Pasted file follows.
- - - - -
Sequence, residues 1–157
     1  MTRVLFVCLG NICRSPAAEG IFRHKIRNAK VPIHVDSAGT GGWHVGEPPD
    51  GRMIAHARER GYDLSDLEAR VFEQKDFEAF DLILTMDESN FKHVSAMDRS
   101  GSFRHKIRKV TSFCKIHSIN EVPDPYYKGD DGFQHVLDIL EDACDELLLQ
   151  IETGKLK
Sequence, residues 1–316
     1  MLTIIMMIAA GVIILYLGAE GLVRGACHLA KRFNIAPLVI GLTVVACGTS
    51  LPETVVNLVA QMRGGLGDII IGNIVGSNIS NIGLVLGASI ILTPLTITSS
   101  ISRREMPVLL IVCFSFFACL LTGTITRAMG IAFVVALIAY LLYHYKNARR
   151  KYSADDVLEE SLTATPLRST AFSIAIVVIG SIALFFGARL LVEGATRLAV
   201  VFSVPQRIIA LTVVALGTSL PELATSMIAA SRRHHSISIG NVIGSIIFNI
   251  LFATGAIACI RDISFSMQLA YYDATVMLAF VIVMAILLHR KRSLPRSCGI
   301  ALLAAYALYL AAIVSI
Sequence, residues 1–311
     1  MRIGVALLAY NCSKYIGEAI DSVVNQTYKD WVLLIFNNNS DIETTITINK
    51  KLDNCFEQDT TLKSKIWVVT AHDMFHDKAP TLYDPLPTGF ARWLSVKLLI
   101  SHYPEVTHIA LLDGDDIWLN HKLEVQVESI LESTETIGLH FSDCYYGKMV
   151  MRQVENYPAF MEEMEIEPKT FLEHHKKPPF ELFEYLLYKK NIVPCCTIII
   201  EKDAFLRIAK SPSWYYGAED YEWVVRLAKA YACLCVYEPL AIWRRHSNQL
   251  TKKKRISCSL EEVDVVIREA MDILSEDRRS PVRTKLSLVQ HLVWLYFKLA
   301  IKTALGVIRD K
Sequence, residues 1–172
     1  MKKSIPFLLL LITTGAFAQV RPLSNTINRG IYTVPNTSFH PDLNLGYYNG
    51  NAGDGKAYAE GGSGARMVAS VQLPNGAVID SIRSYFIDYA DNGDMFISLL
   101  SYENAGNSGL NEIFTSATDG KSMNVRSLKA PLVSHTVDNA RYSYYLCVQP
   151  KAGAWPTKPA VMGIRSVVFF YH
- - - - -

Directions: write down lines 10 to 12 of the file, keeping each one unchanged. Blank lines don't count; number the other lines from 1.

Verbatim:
   151  KYSADDVLEE SLTATPLRST AFSIAIVVIG SIALFFGARL LVEGATRLAV
   201  VFSVPQRIIA LTVVALGTSL PELATSMIAA SRRHHSISIG NVIGSIIFNI
   251  LFATGAIACI RDISFSMQLA YYDATVMLAF VIVMAILLHR KRSLPRSCGI